ROB NEYER, in a throwaway remark, says the Mets-Braves pennant race is the most interesting one out there. I can't say I agree. In the West, Arizona v. San Francisco has the potential to be complicated by improvements from San Diego and/or Colorado. The AL West features two of the three best teams in the AL, plus the possibility that several Angels will rebound from disappointing 2001 seasons, and the Rangers aren't a terrible team. (Unfortunately, the fact that the second-place team will likely win the wildcard kind of ruins this race.) In the AL Central, you have an Indians team in its last gasps, a White Sox team struggling to win before more management errors kill their chances, and the Minnesota Twins in the life-imitating-art role of the "Major League" early 90s Cleveland team. Finally, the NL Central features last year's two best NL teams plus a Chicago Cubs that added Moises Alou. The Braves were better than the Mets at the end of last year, and have arguably improved more over the offseason than the Mets have.

UPDATE: Joe Sheehan writes on the AL West in Baseball Prospectus.

Monday, February 25, 2002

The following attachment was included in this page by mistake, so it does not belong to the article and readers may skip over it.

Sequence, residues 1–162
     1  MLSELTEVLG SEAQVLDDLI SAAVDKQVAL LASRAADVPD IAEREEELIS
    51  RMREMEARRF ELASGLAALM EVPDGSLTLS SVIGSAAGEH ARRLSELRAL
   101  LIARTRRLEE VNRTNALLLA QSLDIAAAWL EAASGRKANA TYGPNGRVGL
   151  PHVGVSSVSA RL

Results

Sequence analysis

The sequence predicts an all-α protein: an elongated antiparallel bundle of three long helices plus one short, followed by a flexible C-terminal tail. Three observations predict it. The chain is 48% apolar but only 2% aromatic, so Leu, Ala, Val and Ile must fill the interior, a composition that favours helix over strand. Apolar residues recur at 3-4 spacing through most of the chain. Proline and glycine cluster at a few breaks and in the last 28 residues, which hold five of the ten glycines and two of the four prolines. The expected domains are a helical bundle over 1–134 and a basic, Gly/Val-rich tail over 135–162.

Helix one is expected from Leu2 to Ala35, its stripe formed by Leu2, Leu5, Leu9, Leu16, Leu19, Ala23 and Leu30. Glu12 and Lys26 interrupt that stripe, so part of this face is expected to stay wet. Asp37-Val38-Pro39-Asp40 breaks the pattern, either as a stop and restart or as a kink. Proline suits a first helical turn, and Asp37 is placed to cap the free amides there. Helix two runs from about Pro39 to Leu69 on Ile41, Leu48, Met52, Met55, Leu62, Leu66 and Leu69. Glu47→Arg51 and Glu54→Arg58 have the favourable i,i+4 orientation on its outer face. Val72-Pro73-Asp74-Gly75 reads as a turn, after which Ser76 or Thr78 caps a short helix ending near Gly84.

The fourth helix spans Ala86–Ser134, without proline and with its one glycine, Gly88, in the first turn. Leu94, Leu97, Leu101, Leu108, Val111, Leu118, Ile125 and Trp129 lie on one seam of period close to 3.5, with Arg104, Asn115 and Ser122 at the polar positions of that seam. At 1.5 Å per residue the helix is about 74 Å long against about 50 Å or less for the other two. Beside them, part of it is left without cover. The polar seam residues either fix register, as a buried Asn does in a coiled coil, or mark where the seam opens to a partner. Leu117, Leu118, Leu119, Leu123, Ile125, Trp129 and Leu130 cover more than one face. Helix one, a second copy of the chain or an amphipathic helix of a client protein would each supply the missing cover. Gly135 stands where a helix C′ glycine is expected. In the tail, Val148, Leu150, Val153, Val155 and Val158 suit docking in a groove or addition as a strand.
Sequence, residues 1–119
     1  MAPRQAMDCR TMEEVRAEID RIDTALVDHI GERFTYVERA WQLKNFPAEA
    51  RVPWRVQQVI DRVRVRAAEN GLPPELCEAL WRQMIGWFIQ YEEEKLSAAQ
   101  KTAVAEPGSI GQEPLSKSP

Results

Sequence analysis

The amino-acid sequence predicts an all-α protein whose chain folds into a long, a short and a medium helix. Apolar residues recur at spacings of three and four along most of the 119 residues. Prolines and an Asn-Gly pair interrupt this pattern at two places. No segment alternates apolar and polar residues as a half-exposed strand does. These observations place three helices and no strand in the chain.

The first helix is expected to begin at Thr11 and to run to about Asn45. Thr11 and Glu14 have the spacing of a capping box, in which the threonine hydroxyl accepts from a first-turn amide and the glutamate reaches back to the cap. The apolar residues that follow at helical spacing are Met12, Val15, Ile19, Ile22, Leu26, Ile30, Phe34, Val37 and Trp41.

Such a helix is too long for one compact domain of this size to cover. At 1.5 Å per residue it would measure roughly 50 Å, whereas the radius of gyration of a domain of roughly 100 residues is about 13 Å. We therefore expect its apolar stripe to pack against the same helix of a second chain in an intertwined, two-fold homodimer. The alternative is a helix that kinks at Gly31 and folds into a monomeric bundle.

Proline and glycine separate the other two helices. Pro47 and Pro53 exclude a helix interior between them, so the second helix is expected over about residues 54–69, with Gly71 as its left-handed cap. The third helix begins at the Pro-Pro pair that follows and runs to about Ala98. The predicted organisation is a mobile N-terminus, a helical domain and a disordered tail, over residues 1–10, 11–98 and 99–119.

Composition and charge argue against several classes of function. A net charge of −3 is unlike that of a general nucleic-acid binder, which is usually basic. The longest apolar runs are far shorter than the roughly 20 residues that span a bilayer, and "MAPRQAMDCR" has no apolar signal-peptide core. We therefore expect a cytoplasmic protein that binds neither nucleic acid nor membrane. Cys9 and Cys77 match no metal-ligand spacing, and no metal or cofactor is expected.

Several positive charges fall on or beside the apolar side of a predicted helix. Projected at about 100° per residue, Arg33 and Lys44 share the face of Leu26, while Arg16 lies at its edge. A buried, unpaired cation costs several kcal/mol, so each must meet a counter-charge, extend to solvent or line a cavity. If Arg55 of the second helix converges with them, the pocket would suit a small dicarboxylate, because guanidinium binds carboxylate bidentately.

ISRAEL THREATENS TO call Saudi Arabia's bluff. Stay tuned.
AS YOU'RE STANDING in a three-hour line to get on an airplane, you'll be comforted to know that fugitive Christian Longo (suspected of killing his family, and one of the most wanted men in America) was able to hop a flight from San Francisco to Cancun with a fake ID and stolen credit card. (third item)
MICHAEL MOORE IS A big fat idiot. Ok, "Roger and Me" was funny, if wildly unfair. Ok, TV Nation had its moments, if wildly unfair ones. Somewhere along the way, though, Moore lost his bearings. Or perhaps they were never there.

In his first book, Moore took one chapter to criticize the rapacious American corporate interests who, through their promotion of free trade, caused cheap steel imports to be brought into the country, driving more expensive American steel producers out of business. A few chapters later, he's criticizing the rapacious American corporate interests who insist on high tariffs on imported sugar, costing consumers billions of dollars by raising the price of sugar and restricting the markets for foreign sugar farmers. If there's a coherent policy position there other than knee-jerk anti-American business sentiment, let me know. I won't even get into Moore's cheering on of the Los Angeles riots.

Meanwhile, in a chat/lovefest, Moore responded to a question about the GAO inquiry into Cheney's meetings:
Seriously, I think what Cheney really has to hide is what he knows about meetings between Haliburton and the Taliban in recent years to build the Unocal pipeline across Afghanistan.
"Seriously"? Sure, Michael, the corporate leaders of America met Dick Cheney in discussions labelled "energy policy," while there were huge controversies raging over energy deregulation and the failure of the California regulatory scheme, but it was really to cackle and laugh and smoke cigars and tent their fingers and purr "Excellent" as they contemplated an unsuccessful initiative to build a minor pipeline. I can see it now. Insert dream sequence music...